Trending on Twitter Monday Morning, September 11, is an editorial from the New York Times titled, “Conspiracies, Corruption, and Climate.” Just as the media targeted Houston pastor Joel Osteen Alinsky-style for his alleged un-Chritian behavior after Hurricane Harvey hit Texas, the media are hitting Rush Limbaugh for his comments on Hurricane Irma.
Said Limbaugh last week, “There is a desire to advance this climate change agenda, and hurricanes are one of the fastest and best ways to do it.” This much is beyond debate as the New York Times editorial unwittingly proves. “In a way, we should be grateful to Limbaugh for at least raising the subject of climate change and its relationship to hurricanes,” writes the Times editors, “if only because it’s a topic the Trump administration is trying desperately to avoid.” The editors continue, “Thanks to Trump’s electoral victory, know-nothing, anti-science conservatives are now running the U.S. government.”
Harvey and Irma have at least temporarily spared climate change activists a major embarrassment. Consider the case of Chris Mooney, a hip young journalist who scored big in the literary/science complex with his 2005 book, The Republican War on Science. No sooner did the book come out than Hurricane Katrina hit and Mooney quickly exploited it in his next book, Storm World: Hurricanes, Politics, and the Battle Over Global Warming.
Even before Mooney wrote this alarmist tract, nothing started to happen. Florida went a record eleven years without a single hurricane strike before the modest Category I Matthew struck Northern Florida in October 2016. Similarly, according to the Weather Channel, the even more modest Hermine “eclipsed the longest drought on record, dating to 1886,” when it entered the Gulf of Mexico in September 2016. Before Hermine, not a single hurricane had entered or developed in the Gulf in three years.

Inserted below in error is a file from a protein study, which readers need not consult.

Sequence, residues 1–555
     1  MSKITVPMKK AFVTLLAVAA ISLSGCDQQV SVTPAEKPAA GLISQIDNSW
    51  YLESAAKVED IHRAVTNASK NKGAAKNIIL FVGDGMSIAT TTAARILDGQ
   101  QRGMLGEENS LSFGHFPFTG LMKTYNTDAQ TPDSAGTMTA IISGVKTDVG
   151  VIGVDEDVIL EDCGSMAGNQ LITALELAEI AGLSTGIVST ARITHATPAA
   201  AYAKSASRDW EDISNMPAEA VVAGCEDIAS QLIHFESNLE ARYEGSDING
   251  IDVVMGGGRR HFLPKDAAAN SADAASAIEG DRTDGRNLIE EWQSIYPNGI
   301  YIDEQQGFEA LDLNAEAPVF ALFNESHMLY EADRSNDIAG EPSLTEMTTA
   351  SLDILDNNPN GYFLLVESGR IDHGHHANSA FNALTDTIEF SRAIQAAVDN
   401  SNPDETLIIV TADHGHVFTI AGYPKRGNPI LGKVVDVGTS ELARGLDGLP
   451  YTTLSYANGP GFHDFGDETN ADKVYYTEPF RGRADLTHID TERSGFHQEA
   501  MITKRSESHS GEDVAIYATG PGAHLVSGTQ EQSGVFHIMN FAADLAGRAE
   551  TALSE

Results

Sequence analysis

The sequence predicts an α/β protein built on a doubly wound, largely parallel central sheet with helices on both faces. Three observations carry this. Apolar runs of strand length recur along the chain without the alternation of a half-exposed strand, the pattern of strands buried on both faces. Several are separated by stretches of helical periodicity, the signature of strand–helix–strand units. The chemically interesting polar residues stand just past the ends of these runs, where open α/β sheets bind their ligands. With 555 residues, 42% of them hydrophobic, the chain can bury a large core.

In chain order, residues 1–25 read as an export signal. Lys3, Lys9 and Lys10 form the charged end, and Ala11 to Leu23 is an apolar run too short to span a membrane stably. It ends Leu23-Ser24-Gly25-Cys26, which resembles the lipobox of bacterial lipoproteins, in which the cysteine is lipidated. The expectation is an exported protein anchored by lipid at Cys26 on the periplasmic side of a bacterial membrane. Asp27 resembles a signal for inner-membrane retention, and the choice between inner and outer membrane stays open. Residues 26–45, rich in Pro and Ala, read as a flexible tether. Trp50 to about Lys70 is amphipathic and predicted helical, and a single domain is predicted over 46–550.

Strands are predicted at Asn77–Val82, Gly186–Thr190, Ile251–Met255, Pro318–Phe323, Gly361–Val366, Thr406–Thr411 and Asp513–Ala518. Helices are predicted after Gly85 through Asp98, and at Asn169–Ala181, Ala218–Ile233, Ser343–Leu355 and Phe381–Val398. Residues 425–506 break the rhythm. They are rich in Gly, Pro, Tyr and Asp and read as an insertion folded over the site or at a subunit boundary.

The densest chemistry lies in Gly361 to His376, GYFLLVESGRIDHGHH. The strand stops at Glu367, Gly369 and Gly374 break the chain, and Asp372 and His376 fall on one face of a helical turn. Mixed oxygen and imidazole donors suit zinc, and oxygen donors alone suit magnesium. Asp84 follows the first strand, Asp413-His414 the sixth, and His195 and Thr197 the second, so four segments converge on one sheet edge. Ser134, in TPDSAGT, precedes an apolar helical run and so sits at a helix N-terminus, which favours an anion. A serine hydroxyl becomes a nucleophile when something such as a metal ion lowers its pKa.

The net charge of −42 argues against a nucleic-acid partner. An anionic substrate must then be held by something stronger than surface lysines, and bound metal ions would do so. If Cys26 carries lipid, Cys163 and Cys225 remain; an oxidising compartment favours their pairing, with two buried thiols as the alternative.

In his 2008 book on hurricanes, Mooney was still using the term “global warming.” He was falling behind the Newspeak curve. The media was switching from “global warming” to “climate change,” and they were doing so for a reason. The semantic shift was necessary to rationalize either too many storms or too few, too much warmth or too little, too little rain or too much. Remember the “never-ending California drought?” Well, it ended last year.
This summer, Kansas City and just about every place north and east of us enjoyed near record cool weather. In the last 48 days, Kansas City has had just one day over 90 degrees. The record for September 11, by the way, is 101. Is this climate change too? Is everything?
Yes, Virgina, hurricanes hit Florida during “hurricane season.” Disney World puts out a handy guide for visitors. According to the guide, “Ninety percent of activity is from August through October; 50% between August 20th and October 10th; and the peak of the hurricane season is September 10th. Irma hit Disney World on September 10. The odds of a nine-day visit around September 10 being affected by a hurricane is about 40 percent.
Rush Limbaugh was right, and the climate change pushers are upset this morning that Irma was not as bad as predicted–or, let’s be honest–hoped.